Hi Graciela,You mentioned one thing in particular that struck me-the fact that you are now taking 40 mg of your statin instead of the more standard 80 mg. A couple of years ago, I cracked my head really badly and a C-Scan showed that I had a slight bleed inside my skull. The neurologist took me off aspirin for a week and reduced my atorvastatin dose from 80 mg to 40 mg a day, also for a week, because, apparently, atorvastatin poses some minimal bleeding risk.
I was a a bit concerned about this so I did some research and read a study that found 40 mg of daily atorvastatin was virtually just as effective in reducing cholesterol levels as 80 mg, and was indicated for people who could not tolerate 80 mg. So, for all you folks out there with statin problems, it seems that the real science is that normal dosages numbers are not a science and that there is a range of dosages and other options that work.Ira
Victor,I doubt the accuracy of the "no permanent damage" assessment. I was told the same thing immediately after my "mild" heart attack three tears ago, probably because of my "excellent physical condition", only to have my cardiologist recently mention, "and here's the portion of your heart muscle that died as a result of the heart attack" when he showed me the photos of my recent nuclear stress test (which showed that my grafts all remain clean). I'm not a doctor, but I think a necessary result of having a heart attack is that the portion of the heart muscle affected by the blockage dies, sort of like a necessary result of being killed is that you're now dead.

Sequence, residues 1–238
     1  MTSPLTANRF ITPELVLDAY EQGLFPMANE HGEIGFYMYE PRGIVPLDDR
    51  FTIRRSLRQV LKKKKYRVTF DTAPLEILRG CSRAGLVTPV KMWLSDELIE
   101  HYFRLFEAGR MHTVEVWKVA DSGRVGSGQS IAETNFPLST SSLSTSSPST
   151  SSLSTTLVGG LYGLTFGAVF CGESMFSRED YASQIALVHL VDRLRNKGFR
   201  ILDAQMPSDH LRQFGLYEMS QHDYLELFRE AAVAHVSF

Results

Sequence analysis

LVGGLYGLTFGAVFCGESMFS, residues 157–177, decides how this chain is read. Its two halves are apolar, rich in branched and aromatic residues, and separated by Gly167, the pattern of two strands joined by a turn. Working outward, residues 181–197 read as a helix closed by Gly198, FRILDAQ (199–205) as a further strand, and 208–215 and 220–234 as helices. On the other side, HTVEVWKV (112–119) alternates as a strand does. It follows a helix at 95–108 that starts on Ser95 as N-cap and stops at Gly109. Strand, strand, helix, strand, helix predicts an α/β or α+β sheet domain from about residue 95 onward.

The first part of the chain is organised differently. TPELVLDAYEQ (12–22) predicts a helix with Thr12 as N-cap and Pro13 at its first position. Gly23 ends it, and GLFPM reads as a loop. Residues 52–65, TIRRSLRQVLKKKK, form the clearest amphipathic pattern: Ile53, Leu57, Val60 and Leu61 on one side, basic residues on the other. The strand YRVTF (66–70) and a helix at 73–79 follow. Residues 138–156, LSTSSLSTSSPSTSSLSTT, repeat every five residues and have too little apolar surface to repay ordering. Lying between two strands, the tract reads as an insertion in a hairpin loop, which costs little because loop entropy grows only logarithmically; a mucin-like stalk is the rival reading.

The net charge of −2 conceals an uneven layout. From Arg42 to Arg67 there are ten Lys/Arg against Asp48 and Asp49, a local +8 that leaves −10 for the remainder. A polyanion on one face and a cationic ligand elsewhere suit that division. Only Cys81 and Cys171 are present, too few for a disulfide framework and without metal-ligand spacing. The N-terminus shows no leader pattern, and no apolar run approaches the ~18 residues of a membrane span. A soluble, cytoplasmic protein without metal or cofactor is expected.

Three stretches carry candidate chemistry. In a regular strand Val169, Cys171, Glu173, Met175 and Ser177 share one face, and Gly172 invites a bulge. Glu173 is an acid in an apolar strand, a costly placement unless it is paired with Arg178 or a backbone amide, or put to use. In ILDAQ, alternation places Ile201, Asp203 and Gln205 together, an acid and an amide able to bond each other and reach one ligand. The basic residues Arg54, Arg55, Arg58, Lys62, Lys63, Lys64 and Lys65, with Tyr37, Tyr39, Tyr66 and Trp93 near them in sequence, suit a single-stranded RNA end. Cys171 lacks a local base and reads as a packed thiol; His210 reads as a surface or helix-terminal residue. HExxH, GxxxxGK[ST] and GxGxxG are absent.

And, by the way, whenever I think or hear from people of my "great physical condition" before the heart attack (as in "how of all people did you have a heart attack-you work out all the time and you eat so healthy"), I think about the legendary running author, the great Jim Fixx, author of "The Complete Book of Running" which helped launch the running movement in the 1970's, who died of a massive heart attack while in the middle of one of his daily 10 mike runs. Physical conditioning is great, and important for heart health, but it is no substitute for a great set of genes. I still marvel at older obese friends and colleagues, eating, smoking and/or drinking their way seemingly into oblivion while never having had a heart attack, open heart attack, open heart surgery or stroke. Well, they all have to die of something. As Jack Nicholson's character said while vomiting from his chemotherapy in "The Bucket List" (great movie), "right now, some lucky bastard is having a heart attack."Ira